Additional exclusion criteria -- ocular tissue donors

18. In assessing the suitability of an ocular tissue donor, an establishment must determine that the donor is not unsuitable to donate on the basis of the contraindications or exclusion criteria set out in sections 13.1.3 to 13.1.6 of the ocular standard.

Additional requirements -- organ donors

19. In assessing the suitability of an organ donor, an establishment must perform all of the following steps:

  1. obtain the donor information and history in accordance with sections 12.2.2.3, 12.2.2.4, 12.2.3.4 and 12.2.3.7 of the organ standard;

  2. determine that the donor is not unsuitable to donate on the basis of the contraindications or exclusion criteria set out in section 13.2.2 of the organ standard; and

  3. perform the tests specified in sections 14.1.2, 14.2.6.3, 14.2.6.6 and 14.3.2 of the organ standard.

Requirements -- lymphohematopoietic cells

20. In assessing the suitability of a donor of lymphohematopoietic cells, an establishment must perform all of the following steps:

  1. obtain the donor information and history in accordance with sections 12.2.2.2 and 12.2.2.3 of the lymphohematopoietic standard;

  2. perform a physical examination of the donor;

  3. determine that the donor is not unsuitable to donate on the basis of the contraindications or exclusion criteria set out in section 13.1.3 of the lymphohematopoietic standard; and

  4. perform the tests specified in sections 12.2.2.4 and 14.2.3 of the lymphohematopoietic standard.

Retrieval

Retrieval interval -- tissues

21. An establishment that retrieves tissue from a deceased donor must carry out the retrieval within the validated maximum interval between the cardiac asystole of the donor and the retrieval of the tissue.

Testing

Licensed diagnostic devices

22. (1) In vitro diagnostic devices that are used by an establishment in the testing of donor blood for transmissible disease agents or markers under these Regulations must be licensed, for screening donors, either

  1. in Canada, if the testing is performed in Canada; or

  2. in Canada or the United States, if the testing is performed outside Canada.

Exception

(2) Despite paragraph (1)(b), in the case of lymphohematopoietic cells that are imported into Canada for transplantation into a specific recipient, the in vitro diagnostic devices may be licensed in Canada or any other jurisdiction.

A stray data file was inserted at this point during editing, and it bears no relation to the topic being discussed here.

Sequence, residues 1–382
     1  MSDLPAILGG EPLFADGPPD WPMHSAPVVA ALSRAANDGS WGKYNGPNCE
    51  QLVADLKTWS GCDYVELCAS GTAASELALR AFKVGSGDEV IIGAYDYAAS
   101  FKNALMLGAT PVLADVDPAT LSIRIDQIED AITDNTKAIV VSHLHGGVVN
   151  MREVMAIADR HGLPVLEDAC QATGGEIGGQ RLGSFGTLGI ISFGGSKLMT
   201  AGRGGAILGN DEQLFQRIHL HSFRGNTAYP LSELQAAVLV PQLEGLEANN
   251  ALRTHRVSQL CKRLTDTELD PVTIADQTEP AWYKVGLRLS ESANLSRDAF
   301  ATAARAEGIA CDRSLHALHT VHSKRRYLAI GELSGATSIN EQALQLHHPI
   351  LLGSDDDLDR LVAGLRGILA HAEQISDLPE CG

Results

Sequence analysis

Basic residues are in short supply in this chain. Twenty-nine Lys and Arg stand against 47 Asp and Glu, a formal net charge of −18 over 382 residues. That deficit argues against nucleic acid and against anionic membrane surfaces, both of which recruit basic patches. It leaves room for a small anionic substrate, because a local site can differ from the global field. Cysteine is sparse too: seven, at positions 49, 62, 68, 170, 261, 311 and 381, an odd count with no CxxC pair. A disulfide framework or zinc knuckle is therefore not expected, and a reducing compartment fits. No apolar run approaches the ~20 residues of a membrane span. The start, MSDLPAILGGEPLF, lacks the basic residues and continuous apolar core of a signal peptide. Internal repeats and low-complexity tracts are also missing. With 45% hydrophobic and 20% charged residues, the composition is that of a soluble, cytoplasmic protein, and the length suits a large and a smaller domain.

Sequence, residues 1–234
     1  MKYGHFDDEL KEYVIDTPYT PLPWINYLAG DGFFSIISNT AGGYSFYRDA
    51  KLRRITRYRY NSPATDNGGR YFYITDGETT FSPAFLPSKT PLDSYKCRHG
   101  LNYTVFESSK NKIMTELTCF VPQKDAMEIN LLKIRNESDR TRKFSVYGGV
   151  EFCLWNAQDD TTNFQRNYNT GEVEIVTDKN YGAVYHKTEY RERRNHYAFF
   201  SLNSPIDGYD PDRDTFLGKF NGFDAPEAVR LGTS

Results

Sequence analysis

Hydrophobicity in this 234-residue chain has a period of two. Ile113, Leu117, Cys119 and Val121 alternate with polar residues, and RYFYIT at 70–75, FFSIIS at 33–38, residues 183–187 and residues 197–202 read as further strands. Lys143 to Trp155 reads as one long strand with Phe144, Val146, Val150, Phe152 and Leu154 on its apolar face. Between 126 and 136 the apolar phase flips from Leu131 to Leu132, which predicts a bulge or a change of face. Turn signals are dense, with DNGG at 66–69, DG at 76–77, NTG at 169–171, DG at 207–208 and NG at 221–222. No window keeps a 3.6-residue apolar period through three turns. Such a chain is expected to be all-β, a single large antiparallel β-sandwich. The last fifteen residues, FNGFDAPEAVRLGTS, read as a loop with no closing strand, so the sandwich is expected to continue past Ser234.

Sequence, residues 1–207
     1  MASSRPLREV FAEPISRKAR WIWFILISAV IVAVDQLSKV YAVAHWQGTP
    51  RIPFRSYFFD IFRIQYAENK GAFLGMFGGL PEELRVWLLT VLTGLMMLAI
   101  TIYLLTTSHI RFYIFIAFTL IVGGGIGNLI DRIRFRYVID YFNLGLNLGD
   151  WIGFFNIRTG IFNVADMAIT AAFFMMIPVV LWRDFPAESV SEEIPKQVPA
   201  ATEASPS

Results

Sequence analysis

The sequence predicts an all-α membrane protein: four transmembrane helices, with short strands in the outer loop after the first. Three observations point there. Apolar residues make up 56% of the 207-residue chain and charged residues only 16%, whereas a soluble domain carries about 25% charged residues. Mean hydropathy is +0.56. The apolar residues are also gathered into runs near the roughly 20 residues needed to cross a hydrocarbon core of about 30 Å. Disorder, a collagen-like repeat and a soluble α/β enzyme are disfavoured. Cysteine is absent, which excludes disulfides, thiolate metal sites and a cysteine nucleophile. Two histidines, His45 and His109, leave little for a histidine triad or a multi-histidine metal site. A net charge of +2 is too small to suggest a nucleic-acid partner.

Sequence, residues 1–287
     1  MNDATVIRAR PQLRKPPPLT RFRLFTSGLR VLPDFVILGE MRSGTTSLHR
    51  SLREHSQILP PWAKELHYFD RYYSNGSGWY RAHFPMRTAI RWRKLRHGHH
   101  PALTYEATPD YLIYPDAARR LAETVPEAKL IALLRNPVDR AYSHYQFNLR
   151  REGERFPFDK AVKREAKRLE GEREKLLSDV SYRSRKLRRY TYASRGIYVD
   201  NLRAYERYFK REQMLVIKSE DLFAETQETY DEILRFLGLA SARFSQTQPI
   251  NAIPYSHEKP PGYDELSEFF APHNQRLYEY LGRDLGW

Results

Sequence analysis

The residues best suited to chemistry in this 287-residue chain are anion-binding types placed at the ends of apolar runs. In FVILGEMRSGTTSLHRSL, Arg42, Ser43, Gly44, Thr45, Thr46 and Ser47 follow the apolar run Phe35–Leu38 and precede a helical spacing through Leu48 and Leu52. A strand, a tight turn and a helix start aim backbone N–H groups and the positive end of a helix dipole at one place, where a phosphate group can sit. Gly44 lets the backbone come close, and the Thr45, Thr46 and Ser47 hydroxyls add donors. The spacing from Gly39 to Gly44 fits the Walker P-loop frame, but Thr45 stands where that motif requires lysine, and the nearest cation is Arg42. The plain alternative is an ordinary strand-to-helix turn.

Bacteriological testing -- tissues

23. An establishment that retrieves tissue, except ocular tissue, must perform bacteriological testing in accordance with section 14.3 of the tissue standard, except for section 14.3.2.8.

Packaging and Labelling

Packaging

Packaging materials

24. An establishment that packages cells, tissues or organs must inspect all packaging materials before use to ensure that they are free from damage.

Labelling

Language requirement

25. All of the information that is required by these Regulations to appear on a label or package insert must be in either English or French.

Cells

26. An establishment that distributes cells must ensure that all of the applicable information, as indicated by an "X", set out in the table to this section is provided on the interior label, in the package insert and on the exterior label.

Table to Section 26

Labelling Requirements for Cells

  Column 1 Column 2 Column 3 Column 4
    From retrieval establishment to transplant establishment From retrieval establishment to cell bank From cell bank to any other establishment
Item Required information Interior label Package insert Exterior label Interior label Package insert Exterior label Interior label Package insert Exterior label
Information about donor and cell
1. Name of cell X X   X X   X X  
2. Description of cell   X     X     X